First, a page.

Ed Gregor: What do you see in terms of acquisitions for Donaldson in the future?
Tod Carpenter: Acquisitions are part of our growth strategy and we see them adding 1-2 percent to our revenue over time. Donaldson is very disciplined when it comes to acquisitions. We aim for alliances and opportunities that strategically fit with our business and have strong value propositions. An acquisition has to be accretive in year two and have a healthy return on investment by year five.
Ed Gregor: I recall Donaldson’s acquisition of Ultrafilter, Air Maze and Tetratex and number of years ago in addition to a few smaller companies. Can you provide examples of what acquisitions you have made recently?
Tod Carpenter: Certainly, we made four acquisitions in the last two years: a gas turbine company, Northern Technical in Abu Dhabi, UAE (the Middle East is an epicenter for this business); a filter indicator and sensor company in Iowa, Engineered Products; a pleated bag dust collection company in Missouri named IFIL, USA; and an engine aftermarket company, Industrias Partmo in Bucaramanga, Colombia.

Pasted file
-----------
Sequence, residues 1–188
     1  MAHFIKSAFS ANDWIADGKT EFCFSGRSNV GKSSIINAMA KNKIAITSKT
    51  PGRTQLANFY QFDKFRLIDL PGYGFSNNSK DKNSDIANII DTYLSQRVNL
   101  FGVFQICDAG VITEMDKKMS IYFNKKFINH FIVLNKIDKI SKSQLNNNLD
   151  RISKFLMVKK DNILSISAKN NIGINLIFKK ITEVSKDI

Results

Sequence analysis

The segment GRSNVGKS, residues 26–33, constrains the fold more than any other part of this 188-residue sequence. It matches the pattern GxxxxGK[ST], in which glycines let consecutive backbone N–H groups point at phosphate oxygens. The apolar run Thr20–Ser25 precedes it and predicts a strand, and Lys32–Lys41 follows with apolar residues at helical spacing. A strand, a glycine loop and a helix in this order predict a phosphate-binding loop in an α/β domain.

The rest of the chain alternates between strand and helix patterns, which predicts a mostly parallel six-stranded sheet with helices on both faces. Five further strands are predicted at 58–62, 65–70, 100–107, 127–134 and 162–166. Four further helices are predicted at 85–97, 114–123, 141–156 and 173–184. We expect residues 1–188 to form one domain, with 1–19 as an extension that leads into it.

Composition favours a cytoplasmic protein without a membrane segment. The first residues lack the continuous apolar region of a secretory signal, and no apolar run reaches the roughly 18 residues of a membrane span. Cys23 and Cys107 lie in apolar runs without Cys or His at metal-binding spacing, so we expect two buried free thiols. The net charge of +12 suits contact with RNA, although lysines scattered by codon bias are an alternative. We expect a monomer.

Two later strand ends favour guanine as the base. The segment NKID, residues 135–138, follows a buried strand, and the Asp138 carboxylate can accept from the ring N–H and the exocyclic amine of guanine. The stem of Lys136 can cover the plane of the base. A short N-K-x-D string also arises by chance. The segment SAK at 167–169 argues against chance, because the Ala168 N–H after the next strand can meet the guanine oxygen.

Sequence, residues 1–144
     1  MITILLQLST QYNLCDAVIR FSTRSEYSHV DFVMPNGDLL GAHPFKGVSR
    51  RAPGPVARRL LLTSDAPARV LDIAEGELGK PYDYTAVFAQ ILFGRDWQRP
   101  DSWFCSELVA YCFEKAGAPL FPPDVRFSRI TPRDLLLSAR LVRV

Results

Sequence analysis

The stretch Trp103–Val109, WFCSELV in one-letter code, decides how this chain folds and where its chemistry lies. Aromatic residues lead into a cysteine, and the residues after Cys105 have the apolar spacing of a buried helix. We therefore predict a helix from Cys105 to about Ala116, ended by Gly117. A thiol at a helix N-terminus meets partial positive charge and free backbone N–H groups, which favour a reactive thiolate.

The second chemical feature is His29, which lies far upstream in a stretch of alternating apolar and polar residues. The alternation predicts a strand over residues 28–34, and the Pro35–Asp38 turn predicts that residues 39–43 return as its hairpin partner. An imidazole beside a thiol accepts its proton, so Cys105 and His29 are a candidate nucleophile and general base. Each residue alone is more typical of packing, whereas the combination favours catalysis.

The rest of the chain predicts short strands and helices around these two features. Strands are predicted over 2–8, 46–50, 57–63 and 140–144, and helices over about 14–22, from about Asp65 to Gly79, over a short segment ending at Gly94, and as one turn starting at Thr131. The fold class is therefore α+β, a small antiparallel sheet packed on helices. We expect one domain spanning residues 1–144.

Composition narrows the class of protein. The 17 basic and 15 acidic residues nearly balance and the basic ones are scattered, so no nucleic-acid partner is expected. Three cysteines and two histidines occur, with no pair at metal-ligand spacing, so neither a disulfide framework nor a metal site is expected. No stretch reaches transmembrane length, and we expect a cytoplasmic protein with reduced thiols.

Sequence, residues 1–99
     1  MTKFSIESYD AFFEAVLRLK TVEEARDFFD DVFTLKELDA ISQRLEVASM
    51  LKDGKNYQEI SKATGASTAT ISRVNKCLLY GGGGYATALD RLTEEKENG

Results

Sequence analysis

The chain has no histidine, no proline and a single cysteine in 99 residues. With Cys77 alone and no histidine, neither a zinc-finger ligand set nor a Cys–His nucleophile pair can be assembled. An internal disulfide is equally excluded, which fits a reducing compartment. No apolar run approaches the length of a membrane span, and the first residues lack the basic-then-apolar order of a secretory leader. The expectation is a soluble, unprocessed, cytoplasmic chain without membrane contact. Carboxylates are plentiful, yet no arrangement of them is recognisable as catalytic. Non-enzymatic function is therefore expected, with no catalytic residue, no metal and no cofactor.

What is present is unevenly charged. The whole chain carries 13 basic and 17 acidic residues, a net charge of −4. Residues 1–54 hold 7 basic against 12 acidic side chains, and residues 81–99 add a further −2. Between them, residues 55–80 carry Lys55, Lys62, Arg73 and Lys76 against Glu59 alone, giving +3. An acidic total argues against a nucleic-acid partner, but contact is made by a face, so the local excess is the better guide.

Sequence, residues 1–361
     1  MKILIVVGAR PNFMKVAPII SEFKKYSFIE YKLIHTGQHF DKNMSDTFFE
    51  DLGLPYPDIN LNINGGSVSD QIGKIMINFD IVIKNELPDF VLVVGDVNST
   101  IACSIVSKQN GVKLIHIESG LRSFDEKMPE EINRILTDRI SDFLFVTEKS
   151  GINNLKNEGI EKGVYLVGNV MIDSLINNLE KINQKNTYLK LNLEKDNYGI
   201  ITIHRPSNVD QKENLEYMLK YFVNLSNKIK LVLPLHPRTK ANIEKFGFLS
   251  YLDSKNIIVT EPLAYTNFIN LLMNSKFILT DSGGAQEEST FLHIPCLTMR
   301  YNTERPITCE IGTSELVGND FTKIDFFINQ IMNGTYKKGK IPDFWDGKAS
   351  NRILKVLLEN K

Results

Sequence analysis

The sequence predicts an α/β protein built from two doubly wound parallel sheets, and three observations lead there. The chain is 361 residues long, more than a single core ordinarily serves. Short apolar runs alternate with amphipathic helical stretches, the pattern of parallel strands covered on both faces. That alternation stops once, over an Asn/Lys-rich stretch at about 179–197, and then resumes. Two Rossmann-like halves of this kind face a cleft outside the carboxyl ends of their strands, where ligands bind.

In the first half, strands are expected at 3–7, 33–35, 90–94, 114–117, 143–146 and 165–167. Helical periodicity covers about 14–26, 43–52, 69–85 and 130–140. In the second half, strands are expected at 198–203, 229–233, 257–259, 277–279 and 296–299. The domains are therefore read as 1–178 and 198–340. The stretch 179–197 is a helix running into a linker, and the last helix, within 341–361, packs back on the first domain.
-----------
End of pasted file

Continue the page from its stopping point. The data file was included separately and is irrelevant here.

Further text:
In addition to acquisitions, our growth model is to expand in both air and liquid filtration by focusing on 1) strong customer relationships; 2) expanding where we are underrepresented geographically, as we did in South America with distribution first and then adding manufacturing; and 3) technological leadership, as we have done this past year with SYNTEQ XP™ media.
With the transition to Ultra Low Sulphur Diesel (ULSD) and increased sales of biodiesels, today’s fuels can contain more contaminates, are less stable and inhibit water removal. Synteq XP media was designed to respond to these filtration challenges; it’s a game-changer for the industry, achieving a 75 percent win rate.
Ed Gregor: What is Donaldson’s view on sustainability and the products it produces?